Thursday, July 19, 2007
Michael Fischl, the labor law scholar at the University of Connecticut, writes with the following strange SSRN experience (I vote for cry!):
I'm not sure whether to laugh or cry at the experience I am having with SSRN, but I thought it would interest you and perhaps other legal academics as well. About a week ago, I posted an essay on SSRN about last year's union campaign among the custodial staff at the U of Miami. (It's part of a forthcoming "teaching from the left" symposium in NYU Review of Law & Social Change; it focuses on the role of faculty during the campaign and, in particular, on the controversy surrounding the decision of some faculty to hold classes off campus during the strike.) I was taken completely by surprise, though, when I went to check my posted abstract and saw Google ads along the right-hand margin. I hadn't heard that SSRN was doing that and am embarrassed to admit that I hadn't noticed the practice before; no doubt others have noticed and critiqued, but I've somehow missed all that.
But my surprise gave way to utter shock when I read the particular ads that appeared and saw that two of them were from firms selling anti-union services! Here is what appeared when I first checked:
Center for Union Facts
Facts That Union Leaders Don't Want You To Know. (followed by a link)
Educate Workers on Unions
Stay Union-Free Custom video, web, e-learning (followed by a link)
The line-up of ads seems to change, perhaps on a per-view basis; if you’d like, you can see for yourself what’s up there now by checking
I wrote the folks at SSRN and received a cordial & not unsympathetic note from Michael Jensen, who said it was the first time they’d run into this particular problem and that they’d look into it. (He noted that they already police against ads for e.g. term-paper outsourcing, but wondered whether excluding ads like mine however "disturbing" they might be – might not "violate the space we are creating.") Anyway, the last time I checked I was still providing an advertising vehicle for anti-union firms, and this is not exactly an ideal speech situation.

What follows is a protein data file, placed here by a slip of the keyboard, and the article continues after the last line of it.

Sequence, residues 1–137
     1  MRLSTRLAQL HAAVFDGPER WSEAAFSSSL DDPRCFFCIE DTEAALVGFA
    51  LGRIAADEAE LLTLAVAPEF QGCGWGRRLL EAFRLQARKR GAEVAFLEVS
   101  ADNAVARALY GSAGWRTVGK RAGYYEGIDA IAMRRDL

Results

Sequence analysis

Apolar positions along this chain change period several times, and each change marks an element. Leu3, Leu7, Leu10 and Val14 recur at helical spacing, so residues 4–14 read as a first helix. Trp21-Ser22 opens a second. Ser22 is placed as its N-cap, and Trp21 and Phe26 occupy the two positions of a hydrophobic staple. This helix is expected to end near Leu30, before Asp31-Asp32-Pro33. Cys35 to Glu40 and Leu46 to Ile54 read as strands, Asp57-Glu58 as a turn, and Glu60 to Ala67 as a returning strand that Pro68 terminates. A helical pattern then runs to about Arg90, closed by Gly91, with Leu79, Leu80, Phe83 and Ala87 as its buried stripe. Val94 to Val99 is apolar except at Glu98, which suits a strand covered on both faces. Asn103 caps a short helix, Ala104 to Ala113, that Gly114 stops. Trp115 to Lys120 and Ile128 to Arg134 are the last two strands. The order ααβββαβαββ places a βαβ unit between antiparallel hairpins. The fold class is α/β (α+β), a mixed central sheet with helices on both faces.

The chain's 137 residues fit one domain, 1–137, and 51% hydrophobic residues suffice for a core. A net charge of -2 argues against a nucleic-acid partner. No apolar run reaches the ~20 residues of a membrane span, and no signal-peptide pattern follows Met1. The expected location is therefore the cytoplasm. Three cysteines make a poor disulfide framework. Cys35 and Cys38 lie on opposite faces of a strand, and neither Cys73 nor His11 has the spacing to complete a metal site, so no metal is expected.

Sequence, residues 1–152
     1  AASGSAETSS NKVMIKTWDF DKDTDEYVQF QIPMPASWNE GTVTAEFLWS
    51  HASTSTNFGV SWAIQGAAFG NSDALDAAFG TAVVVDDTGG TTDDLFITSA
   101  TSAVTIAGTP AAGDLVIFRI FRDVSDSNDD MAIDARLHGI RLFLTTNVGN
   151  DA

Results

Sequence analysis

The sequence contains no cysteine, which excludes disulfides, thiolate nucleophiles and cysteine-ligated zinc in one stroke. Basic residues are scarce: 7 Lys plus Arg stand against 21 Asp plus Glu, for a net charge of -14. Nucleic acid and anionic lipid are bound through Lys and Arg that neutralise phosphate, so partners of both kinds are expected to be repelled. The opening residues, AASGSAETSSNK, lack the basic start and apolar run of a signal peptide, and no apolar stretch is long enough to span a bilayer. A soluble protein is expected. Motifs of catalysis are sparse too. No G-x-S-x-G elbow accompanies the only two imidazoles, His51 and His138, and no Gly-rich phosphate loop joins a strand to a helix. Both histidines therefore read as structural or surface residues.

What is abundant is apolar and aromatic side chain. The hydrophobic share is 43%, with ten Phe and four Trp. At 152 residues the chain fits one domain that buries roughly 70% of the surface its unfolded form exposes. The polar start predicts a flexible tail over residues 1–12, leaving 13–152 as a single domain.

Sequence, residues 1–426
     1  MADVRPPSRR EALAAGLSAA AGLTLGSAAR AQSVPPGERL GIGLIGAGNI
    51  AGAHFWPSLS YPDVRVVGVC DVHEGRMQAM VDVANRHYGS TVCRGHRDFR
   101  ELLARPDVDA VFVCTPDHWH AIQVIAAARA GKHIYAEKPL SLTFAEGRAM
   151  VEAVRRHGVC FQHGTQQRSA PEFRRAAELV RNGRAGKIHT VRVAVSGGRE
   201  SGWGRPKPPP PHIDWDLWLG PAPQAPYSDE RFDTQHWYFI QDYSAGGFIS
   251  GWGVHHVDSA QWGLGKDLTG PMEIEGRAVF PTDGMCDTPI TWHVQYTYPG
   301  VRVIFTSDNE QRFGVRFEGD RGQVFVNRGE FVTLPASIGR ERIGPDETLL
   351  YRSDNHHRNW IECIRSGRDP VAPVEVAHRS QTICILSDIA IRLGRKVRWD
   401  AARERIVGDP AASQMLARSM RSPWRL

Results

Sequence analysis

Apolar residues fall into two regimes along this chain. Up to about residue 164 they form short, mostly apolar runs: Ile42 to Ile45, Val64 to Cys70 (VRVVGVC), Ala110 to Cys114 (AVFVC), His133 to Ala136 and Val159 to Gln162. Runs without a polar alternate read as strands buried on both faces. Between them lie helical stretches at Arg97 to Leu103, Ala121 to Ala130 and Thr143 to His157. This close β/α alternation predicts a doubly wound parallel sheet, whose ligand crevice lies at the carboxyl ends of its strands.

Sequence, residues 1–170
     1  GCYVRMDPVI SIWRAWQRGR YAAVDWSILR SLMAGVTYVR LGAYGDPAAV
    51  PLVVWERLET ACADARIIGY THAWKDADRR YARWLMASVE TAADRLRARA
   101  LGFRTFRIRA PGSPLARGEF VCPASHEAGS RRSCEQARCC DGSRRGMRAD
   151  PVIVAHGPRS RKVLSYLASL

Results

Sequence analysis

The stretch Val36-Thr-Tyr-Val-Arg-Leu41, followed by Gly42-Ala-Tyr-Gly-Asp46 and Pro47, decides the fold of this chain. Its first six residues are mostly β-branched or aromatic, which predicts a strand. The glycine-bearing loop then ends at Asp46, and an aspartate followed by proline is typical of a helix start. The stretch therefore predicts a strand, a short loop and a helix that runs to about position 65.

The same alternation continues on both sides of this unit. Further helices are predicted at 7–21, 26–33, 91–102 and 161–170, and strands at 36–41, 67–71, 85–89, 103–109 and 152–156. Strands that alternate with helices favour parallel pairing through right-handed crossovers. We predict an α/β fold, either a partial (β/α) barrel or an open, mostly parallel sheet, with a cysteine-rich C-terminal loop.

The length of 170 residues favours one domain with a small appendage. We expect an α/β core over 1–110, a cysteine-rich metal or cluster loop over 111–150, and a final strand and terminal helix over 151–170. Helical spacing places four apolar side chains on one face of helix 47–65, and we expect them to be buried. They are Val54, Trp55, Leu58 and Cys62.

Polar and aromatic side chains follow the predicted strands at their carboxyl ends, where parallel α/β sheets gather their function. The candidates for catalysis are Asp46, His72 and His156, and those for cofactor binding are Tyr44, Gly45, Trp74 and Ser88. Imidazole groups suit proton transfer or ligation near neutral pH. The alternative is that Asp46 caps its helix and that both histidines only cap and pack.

On the one hand, I am sympathetic to the efforts of the SSRN folks to find ways to fund their service that don’t require a per-download charge; obviously we all benefit from that. On the other hand, the vice revealed by my own experience seems to lie in permitting ads to be linked to the content of particular papers (as opposed, say, to ads directed toward academics general, or to a particular field of academics e.g., from publishers). I’d have no problem with a content-based link to other scholarship, of course, but commercial content-based links seem to force a choice between "grin and bear it" and censorship, bad choices both, with no corresponding scholarly benefit.
Perhaps others have already given this situation more thought & have good ideas for what to do about it; my sense, from Michael Jensen’s response to me, is that the SSRN folks might listen to thoughtful input.
Comments are open; post only one. Non-anonymous suggestions are more likely to appear.
ADDENDUM: I note that my own SSRN paper "Why Tolerate Religion?" has only one slightly odd Google Ad: for "Buddha Ringtones"! But why a paper on evolutionary biology and law attracts the Google Ads it does is really quite hard to figure.